Colonial Manners BY: C. dawson bailey

Tired of following manners? Well in colonial times everybody from young to old had to follow 110 different manners! Today we are going to talk about colonial manners. From positions you had to be in, to the styles of clothing you had to wear and just plain old respect. All these manners were important to the style of life in colonial times.

Position

In colonial times there were many manners. But positions were some of the most important manners in colonial times. For example you could only move in gestures appropriate to the conversation. This meant if you weren't talking about god you probably shouldn't be gesturing to the sky. Another example is that you couldn't cross your legs when others were around. You couldn't even put your hands to close to chin! Those were some of the positions in colonial times that you could and couldn't do.

Style

In colonial times position wasn't the only colonial important manner, style was, too. Style may not sound like a manner, but in colonial times, oh it was! Based on what I read, I know you had to keep your nails tidy that may not sound too hard, but here's the trick. You couldn't show you were worried about them. If you know anything about colonial dress you should know they wore five no eight layers of clothing and you couldn't enter the main room without your jacket on. Imagine what that would be like, it's a hot summer day and you have all those jackets on and you can't even take one off! Those rules were very important to the colonial way of life.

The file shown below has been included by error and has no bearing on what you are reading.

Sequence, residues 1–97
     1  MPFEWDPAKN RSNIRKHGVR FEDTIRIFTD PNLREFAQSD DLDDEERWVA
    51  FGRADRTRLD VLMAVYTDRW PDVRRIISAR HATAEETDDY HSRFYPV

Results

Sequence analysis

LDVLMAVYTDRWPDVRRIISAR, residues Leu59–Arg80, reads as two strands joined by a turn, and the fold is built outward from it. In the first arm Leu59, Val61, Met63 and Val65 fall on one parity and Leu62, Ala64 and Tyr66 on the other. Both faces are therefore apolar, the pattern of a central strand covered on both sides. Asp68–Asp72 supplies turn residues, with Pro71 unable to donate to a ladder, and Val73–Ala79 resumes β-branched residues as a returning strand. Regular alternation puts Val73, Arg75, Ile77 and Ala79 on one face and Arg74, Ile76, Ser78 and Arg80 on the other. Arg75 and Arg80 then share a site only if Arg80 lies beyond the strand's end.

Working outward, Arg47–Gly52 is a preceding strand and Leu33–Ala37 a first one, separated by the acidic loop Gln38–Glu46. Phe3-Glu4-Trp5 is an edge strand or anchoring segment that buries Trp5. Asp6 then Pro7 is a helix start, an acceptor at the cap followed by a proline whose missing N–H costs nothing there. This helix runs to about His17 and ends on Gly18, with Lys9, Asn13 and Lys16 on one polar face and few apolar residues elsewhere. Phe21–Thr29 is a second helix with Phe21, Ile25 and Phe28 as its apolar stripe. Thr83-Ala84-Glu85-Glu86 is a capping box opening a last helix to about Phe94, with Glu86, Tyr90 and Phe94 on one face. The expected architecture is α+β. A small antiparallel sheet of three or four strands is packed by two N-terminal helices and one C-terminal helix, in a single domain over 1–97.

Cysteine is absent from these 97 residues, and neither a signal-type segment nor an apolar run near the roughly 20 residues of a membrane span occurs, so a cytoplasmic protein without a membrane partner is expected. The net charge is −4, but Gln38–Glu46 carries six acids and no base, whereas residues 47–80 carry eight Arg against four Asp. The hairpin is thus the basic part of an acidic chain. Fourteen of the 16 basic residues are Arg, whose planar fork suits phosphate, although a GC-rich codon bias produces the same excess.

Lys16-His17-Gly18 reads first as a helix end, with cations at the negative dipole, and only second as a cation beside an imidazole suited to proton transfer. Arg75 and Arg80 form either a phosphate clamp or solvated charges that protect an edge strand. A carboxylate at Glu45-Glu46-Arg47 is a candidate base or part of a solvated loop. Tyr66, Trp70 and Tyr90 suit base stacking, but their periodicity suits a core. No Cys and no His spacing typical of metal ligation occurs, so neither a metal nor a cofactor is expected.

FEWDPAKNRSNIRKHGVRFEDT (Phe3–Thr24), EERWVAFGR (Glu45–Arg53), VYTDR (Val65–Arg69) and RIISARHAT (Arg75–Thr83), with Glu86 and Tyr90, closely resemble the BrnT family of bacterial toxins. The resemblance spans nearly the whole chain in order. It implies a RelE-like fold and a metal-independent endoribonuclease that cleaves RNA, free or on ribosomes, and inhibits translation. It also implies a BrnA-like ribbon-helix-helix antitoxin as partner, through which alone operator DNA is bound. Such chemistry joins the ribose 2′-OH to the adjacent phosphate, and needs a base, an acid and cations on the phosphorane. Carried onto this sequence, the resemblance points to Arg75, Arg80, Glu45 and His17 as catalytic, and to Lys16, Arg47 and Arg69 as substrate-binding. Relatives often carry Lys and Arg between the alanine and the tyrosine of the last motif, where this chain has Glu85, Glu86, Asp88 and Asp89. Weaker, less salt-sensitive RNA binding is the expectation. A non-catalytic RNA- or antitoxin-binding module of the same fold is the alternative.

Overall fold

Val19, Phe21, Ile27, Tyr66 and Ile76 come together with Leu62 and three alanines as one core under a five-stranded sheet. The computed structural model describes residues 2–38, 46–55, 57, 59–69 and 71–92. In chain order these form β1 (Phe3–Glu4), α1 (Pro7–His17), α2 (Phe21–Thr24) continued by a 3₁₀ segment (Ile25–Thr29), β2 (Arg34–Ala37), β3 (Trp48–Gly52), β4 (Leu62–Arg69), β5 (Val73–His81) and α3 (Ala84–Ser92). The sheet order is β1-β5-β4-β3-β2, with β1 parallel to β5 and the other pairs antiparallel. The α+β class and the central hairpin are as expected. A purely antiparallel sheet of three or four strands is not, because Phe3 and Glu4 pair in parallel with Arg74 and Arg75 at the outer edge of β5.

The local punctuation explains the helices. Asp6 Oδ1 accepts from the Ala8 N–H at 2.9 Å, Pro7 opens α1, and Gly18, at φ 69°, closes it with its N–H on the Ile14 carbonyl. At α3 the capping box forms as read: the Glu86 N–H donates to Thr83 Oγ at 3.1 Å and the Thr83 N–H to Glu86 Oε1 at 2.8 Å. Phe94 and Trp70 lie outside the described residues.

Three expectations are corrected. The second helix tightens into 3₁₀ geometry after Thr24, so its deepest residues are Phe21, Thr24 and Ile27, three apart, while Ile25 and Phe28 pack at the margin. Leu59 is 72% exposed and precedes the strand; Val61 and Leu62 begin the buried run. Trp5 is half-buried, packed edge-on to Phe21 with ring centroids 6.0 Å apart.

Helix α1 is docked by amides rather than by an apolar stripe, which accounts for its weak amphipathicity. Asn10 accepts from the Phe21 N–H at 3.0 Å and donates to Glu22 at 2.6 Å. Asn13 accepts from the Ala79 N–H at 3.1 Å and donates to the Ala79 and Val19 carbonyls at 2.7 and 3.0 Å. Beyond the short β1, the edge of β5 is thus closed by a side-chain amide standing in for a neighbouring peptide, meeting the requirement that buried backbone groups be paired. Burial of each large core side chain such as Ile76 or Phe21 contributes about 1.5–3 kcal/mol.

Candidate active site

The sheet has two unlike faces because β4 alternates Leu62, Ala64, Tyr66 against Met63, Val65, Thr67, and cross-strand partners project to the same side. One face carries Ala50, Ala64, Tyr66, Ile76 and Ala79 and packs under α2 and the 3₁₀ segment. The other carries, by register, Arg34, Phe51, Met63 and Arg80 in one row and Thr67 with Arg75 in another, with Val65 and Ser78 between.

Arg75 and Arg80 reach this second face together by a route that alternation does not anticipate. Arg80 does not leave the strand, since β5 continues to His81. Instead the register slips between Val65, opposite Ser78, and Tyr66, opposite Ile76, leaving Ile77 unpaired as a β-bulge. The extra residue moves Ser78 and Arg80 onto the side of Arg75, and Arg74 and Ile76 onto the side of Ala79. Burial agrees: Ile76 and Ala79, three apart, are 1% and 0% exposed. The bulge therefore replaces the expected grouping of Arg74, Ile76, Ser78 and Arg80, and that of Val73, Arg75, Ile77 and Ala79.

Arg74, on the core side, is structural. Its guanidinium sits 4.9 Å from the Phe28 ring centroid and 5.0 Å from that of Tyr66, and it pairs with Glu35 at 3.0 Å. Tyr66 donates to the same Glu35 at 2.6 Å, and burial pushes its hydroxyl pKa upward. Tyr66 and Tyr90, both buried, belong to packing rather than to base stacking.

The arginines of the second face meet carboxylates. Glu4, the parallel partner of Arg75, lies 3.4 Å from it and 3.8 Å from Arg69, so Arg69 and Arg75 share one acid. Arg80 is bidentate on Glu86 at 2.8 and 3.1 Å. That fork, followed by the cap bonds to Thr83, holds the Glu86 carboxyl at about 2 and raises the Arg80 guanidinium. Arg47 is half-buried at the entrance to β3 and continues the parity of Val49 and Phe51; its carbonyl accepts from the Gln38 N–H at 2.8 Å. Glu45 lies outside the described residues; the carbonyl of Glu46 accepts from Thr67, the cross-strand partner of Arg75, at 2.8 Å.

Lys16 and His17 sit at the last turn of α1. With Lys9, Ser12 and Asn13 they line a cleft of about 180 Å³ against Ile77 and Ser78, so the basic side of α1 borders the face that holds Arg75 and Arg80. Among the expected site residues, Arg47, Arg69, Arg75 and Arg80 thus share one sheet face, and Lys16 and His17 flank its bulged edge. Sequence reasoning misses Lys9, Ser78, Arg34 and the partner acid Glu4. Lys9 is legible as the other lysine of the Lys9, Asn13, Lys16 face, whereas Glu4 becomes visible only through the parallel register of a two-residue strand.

Respect

Now here comes the big daddy of manners, respect. Respect was one of the most strict and important manners to the colonial lifestyle. One example is you could never warm any part of your at a fire or spit in it especially if there is meat above the fire. Of course you could never look away from another when they are speaking, and you couldn't use another's reading or writing desk for your own purpose. Here comes one pretty strict rule: you always, had to show at least some empathy or feel a little bad for captured criminals even if they, for example, murdered your wife, son, brother or sister or any family member or friend! In colonial times respect was no joke as you can see, it made many peoples life whole for some weird reason.

Conclusion

Many manners colonial manners are like manners today. In a way the empathy rule has survived to this day as well as the clothing and gesturing rule (find in paragraphs 2-4), and in many ways they haven't. In conclusion you may not like manners but you should be happy that you don't have to follow 110 manners (laws)!

Biobliography

Report Abuse

If you feel that this video content violates the Adobe Terms of Use, you may report this content by filling out this quick form.

To report a Copyright Violation, please follow Section 17 in the Terms of Use.